The histopathologic diagnosis of pigmented atypical fibroxanthoma can be easily confirmed by immunohistochemistry and iron stain.


The histopathologic spectrum of regression in atypical fibroxanthoma.

Stefanato CM, Robson A, Calonje JE.

Department of Dermatopathology, St John's Institute of Dermatology, St Thomas' Hospital, London, UK.

J Cutan Pathol. 2009 Sep 17. Abstract quote

Background: Atypical fibroxanthoma (AFX) with prominent fibrosis, sclerosis and hyalinization, and near-total tumor regression is rare. Methods: Eight cases of AFX presenting with fibrosis were reviewed as to their tumor architecture, the degree and pattern of fibrosis and the associated inflammatory cell infiltrate.

Results: Seven of eight cases had an exophytic architecture, with ulceration in one case. The degree of fibrosis ranged from 10% to 90%. Early fibrosis (2/8 cases) occurred as thickened sclerotic collagen bundles, either dispersed between the neoplastic cells or as septa imparting a multilobular appearance. Advanced fibrosis (6/8 cases) was associated with lamellar sclerosis, keloidal features, hyalinization and with near-total tumor replacement. Prominent fibrosis rimming the periphery was present in all tumors. An associated lymphoid cell infiltrate with plasma cells and occasionally eosinophils was observed.

Conclusions: Fibrosis with prominent sclerosis and hyalinization replacing the tumor is rare in AFX. Advanced fibrosis, in the absence of a history of prior trauma or surgery, may indicate spontaneous regression. These cases emphasize the importance of recognizing this subset of AFX in order to avoid misinterpretation, particularly in cases with few residual atypical cells.


Atypical fibroxanthoma with prominent sclerosis.

Bruecks AK, Medlicott SA, Trotter MJ.

Calgary Laboratory Services, and Department of Pathology and Laboratory Medicine, University of Calgary, Calgary, AB, Canada.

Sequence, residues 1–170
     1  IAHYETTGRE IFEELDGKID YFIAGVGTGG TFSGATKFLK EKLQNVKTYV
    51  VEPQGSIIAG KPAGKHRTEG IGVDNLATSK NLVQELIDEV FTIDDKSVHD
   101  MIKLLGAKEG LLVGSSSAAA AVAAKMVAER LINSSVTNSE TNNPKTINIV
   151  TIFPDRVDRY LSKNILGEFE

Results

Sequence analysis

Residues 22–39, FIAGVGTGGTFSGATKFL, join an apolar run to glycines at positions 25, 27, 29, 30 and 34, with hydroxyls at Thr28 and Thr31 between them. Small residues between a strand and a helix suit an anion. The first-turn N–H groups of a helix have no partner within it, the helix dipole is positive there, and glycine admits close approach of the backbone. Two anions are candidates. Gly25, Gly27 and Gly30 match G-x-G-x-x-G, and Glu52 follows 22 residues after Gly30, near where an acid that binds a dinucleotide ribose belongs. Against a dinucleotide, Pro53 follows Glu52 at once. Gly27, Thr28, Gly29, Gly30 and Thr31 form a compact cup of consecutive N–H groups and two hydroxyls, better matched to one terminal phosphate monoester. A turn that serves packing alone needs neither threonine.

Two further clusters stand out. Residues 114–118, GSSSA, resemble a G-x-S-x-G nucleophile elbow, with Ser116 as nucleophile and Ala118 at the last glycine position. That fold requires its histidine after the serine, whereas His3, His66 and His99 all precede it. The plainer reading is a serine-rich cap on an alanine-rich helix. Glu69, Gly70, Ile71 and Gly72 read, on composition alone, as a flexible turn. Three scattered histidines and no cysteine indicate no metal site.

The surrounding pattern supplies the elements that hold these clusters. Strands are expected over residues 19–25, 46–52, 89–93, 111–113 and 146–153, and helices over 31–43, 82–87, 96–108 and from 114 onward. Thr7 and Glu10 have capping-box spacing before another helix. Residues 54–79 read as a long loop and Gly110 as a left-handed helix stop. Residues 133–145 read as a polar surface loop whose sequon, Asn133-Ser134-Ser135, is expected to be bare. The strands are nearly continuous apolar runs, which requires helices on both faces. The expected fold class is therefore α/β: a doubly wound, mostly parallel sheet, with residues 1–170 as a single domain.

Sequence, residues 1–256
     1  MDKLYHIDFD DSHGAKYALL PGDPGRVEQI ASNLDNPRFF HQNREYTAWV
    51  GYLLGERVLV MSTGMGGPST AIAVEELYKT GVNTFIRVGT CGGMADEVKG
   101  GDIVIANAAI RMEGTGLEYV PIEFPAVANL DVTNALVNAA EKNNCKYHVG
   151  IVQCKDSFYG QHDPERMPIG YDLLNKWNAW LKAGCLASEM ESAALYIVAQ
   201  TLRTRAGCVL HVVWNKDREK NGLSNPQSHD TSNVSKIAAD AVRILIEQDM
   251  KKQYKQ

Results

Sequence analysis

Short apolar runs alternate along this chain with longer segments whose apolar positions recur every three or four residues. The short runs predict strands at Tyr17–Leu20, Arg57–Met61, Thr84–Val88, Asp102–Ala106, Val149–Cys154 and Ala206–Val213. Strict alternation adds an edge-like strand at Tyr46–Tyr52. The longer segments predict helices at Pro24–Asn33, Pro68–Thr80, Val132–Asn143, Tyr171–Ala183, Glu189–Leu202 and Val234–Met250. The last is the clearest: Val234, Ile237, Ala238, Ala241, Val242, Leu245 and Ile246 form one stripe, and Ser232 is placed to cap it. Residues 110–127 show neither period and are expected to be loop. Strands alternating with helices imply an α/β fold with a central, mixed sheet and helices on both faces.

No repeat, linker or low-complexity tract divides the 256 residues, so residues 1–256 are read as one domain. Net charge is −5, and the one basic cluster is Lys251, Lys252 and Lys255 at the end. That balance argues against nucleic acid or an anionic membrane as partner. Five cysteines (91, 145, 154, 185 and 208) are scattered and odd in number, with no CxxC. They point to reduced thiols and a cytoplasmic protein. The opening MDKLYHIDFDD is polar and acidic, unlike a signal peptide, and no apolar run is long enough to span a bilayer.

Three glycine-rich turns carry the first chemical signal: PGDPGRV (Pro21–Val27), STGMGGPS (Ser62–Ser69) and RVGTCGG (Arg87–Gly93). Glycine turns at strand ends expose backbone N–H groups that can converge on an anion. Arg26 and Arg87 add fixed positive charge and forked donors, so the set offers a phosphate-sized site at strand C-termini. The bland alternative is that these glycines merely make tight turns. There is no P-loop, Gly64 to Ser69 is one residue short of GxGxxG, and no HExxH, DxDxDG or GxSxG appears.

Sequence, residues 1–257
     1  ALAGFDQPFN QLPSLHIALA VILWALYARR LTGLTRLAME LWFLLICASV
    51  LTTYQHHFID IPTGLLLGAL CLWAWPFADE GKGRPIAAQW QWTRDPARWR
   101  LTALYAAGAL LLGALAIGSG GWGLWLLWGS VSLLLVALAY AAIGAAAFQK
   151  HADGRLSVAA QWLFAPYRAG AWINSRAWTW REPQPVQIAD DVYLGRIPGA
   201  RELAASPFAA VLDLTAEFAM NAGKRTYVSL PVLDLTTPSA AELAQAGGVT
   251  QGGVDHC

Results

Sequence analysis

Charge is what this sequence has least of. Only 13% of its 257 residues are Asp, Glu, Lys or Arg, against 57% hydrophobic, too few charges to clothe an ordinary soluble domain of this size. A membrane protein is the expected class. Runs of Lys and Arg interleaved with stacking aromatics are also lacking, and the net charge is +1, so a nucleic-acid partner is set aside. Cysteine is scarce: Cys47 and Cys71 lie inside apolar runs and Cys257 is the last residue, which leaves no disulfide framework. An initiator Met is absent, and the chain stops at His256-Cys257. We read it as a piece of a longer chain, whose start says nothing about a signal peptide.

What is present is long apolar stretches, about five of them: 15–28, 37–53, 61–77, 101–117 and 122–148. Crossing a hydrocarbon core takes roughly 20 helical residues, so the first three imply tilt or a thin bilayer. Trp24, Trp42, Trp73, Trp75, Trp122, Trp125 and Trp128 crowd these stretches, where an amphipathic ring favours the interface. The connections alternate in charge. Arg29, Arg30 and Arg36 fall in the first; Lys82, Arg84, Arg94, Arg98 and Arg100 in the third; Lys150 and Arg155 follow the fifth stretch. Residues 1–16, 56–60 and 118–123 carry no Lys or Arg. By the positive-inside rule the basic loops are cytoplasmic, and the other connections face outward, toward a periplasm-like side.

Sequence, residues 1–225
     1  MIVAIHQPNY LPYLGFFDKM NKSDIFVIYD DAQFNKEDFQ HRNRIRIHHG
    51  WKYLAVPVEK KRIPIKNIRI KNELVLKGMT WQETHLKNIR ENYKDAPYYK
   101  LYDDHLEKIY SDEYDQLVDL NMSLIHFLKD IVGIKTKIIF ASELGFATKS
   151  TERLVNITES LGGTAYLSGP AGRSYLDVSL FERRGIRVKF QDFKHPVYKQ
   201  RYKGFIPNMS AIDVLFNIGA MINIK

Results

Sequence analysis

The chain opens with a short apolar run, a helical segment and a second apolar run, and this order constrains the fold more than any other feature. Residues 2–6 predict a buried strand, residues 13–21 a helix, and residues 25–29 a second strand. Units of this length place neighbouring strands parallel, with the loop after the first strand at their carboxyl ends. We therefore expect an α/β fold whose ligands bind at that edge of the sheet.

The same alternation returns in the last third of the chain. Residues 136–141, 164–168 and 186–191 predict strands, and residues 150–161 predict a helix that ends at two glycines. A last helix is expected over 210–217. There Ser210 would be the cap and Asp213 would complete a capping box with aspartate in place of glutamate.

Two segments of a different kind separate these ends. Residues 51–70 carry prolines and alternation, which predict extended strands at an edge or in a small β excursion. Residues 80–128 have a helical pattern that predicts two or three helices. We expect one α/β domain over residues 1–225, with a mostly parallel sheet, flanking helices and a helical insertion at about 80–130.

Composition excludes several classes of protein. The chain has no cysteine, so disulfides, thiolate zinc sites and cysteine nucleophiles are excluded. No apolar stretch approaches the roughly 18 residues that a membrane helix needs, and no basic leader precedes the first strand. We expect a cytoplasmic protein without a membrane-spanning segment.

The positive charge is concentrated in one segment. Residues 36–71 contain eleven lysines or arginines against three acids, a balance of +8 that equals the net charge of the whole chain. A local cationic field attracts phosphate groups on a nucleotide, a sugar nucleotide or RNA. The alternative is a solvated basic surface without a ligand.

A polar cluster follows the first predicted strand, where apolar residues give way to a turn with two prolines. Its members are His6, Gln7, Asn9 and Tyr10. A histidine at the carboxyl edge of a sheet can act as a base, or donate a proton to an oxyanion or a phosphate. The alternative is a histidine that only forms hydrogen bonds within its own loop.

J Cutan Pathol. 2003 May;30(5):336-9. Abstract quote

BACKGROUND: Malignant cutaneous spindle cell lesions with marked sclerosis are uncommon. Only a few cases of cutaneous leiomyosarcoma and dermatofibrosarcoma protuberans with sclerosis have been published.

METHODS: We report a case of atypical fibroxanthoma (AFX) with prominent sclerosis and hyalinization occurring on the scalp of an 81-year-old male.

RESULTS: Histopathologic examination revealed an exophytic, well-delineated, focally ulcerated tumor arising in sun-damaged skin. The lesion was composed of atypical spindle cells arranged in a fascicled and vaguely storiform pattern. Occasional multinucleated giant cells were present. The tumor cells were strongly positive for CD99 (O13), vimentin, and smooth muscle actin, and focally positive for CD68. There was striking sclerosis with hyalinization throughout the lesion.

CONCLUSIONS: Rarely, AFX may exhibit marked sclerosis with areas of complete replacement of tumor by hyalinized collagen. In a small biopsy, such hyalinization may be a diagnostic pitfall leading to an erroneous diagnosis.



CD10, p63 and CD99 expression in the differential diagnosis of atypical fibroxanthoma, spindle cell squamous cell carcinoma and desmoplastic melanoma.

Kanner WA, Brill LB 2nd, Patterson JW, Wick MR.

Department of Pathology, University of Virginia Health System, Charlottesville, VA 22908-0214, USA.